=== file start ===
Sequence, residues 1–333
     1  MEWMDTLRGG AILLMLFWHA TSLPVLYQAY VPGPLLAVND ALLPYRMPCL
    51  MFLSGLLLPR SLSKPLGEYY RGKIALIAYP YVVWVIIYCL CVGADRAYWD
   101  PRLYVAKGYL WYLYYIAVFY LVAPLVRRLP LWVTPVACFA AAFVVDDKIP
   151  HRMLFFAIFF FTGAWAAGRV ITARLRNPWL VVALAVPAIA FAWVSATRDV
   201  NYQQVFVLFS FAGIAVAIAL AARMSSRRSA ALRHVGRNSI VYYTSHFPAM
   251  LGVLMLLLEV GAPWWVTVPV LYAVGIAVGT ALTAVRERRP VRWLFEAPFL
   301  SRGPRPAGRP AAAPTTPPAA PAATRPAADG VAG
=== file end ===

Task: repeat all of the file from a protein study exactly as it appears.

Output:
Sequence, residues 1–333
     1  MEWMDTLRGG AILLMLFWHA TSLPVLYQAY VPGPLLAVND ALLPYRMPCL
    51  MFLSGLLLPR SLSKPLGEYY RGKIALIAYP YVVWVIIYCL CVGADRAYWD
   101  PRLYVAKGYL WYLYYIAVFY LVAPLVRRLP LWVTPVACFA AAFVVDDKIP
   151  HRMLFFAIFF FTGAWAAGRV ITARLRNPWL VVALAVPAIA FAWVSATRDV
   201  NYQQVFVLFS FAGIAVAIAL AARMSSRRSA ALRHVGRNSI VYYTSHFPAM
   251  LGVLMLLLEV GAPWWVTVPV LYAVGIAVGT ALTAVRERRP VRWLFEAPFL
   301  SRGPRPAGRP AAAPTTPPAA PAATRPAADG VAG